Subscribe to Design Weekly e-News
Architecture Students Present Big Ideas for Library Design in Parkside
At a packed community meeting in early May, a group of graduate architecture students met to share a semester’s worth of research around libraries and design with residents of East Parkside, the West Philadelphia neighborhood that backs up against Fairmount Park.
The context for the studio, called Fair Grounds, includes the 2016 Biennale of Architecture and a $500-million effort by Philadelphia to rebuild parks, recreation centers, and libraries around the city. Hosted by Centennial Parkside Community Development Corporation, the meeting convened more than community residents. City Councilwoman Jannie Blackwell was there, as were State Representative Vanessa Brown and Anne Fadullon (MCP’88), the City’s director of planning and development.
The students’ goal was to think through the various roles that a library could play in East Parkside—a neighborhood that currently has no library. And they thought big.
“The library of Philadelphia should not be static, but an urban network of mobile architectures, portable facilities and distributed learning laboratories that re-envision underutilized city resources, infrastructures and buildings,” said Prince Langely (MArch’17), a student in one of five sections of the studio.
The studio sections were taught by Annette Fierro, Associate Professor of Architecture and Associate Chair, along with Joshua Freese, Danielle Willems, Eduardo Rega Calvo, and Miroslav Brooks. Students studied the conditions of the neighborhood, noted its obstacles and connections to other parts of the city, and looked at various sites where a library might be developed. And they asked big questions about what a library could be, tossing out ideas for uses as diverse as a laundromat, community gardening, and beekeeping.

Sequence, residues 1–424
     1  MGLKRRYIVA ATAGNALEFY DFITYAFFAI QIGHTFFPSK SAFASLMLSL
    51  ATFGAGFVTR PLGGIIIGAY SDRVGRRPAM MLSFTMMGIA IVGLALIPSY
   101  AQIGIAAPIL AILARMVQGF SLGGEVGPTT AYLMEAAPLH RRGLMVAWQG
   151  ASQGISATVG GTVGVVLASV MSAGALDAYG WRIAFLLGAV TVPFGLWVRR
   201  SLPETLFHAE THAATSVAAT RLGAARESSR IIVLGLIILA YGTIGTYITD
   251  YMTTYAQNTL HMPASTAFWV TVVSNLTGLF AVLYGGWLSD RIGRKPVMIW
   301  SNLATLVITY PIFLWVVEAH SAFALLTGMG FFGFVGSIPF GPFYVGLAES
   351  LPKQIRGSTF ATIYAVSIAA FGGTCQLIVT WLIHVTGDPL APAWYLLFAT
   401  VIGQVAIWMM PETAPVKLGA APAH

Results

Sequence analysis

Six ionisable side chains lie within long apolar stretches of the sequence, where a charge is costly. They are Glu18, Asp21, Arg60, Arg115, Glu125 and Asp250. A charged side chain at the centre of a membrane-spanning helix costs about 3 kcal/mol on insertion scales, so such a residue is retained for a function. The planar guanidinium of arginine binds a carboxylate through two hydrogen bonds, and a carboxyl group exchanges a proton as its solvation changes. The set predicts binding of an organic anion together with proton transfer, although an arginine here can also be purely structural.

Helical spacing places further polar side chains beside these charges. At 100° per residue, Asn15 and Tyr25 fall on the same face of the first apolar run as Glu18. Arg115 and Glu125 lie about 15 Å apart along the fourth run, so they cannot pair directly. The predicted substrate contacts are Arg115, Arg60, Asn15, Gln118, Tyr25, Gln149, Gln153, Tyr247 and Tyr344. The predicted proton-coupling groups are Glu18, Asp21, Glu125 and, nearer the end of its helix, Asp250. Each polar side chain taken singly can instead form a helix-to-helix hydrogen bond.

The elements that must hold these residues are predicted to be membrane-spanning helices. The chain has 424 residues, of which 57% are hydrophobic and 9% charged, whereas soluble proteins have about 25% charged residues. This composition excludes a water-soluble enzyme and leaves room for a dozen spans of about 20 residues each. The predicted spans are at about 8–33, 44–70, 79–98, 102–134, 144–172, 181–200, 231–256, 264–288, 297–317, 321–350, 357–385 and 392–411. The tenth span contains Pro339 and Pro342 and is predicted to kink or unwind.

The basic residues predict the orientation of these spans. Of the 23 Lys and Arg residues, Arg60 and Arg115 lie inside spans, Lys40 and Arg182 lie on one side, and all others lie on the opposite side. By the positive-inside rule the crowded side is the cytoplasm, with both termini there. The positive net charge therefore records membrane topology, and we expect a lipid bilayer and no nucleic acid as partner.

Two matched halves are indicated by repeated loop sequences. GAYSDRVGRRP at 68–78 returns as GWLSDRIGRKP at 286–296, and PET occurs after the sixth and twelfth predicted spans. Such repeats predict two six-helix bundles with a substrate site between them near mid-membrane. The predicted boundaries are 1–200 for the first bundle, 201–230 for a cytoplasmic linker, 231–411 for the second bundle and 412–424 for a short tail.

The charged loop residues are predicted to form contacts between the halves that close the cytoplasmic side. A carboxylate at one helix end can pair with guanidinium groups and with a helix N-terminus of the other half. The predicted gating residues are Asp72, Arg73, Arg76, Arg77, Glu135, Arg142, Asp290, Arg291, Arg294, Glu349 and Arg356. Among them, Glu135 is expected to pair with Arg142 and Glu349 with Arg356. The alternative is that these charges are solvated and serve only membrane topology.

“Can architecture create a resilient space of learning that would actively engage with the neighborhood?” said Mariela Hernandez. “Can architecture be speculative and resist the change of gentrification? How could architecture exhibit its own contingent nature and complex relationship to a community?”
After the student presentations, residents wanted to know how likely the City was to actually build a new facility in Parkside. While the Rebuild initiative is focused on updating existing facilities, Councilwoman Blackwell said she would advocate for a Parkside library with the Kenney administration. The meeting adjourned with community members agreeing it was incumbent on them to keep pressure on the city if they want the project to be realized.
Chris Spahr, the executive director of Centennial Parkside CDC, said he wasn’t sure what to expect when the studio began, but the collaboration turned out to be a good experience for the community as well as the students.
“What we hoped to get out of it was a discussion about whether a library is something that we want in East Parkside? And if so, what do we want it to be?” Spahr said.
Spahr said he was personally most intrigued by the nontraditional library ideas put forth by the students, a building or series of buildings that could provide a range of benefits to the community beyond just a computer lab and books. And as important as it will be for Parkside residents to push for more public amenities, Spahr said it was also crucial for the CDC to continue building its relationship with the University. Whether or not the neighborhood gets a new library, Spahr said, Parkside hopes to continue to leverage Penn’s presence in the area for important community research and services.
“We were a little nervous about how we were going to meet the needs of the design studio as well as meet the need of our community, because that's a tricky line to walk,” Spahr said. “We felt very satisfied.”
Photo: Scott Spitzer via Penn Flickr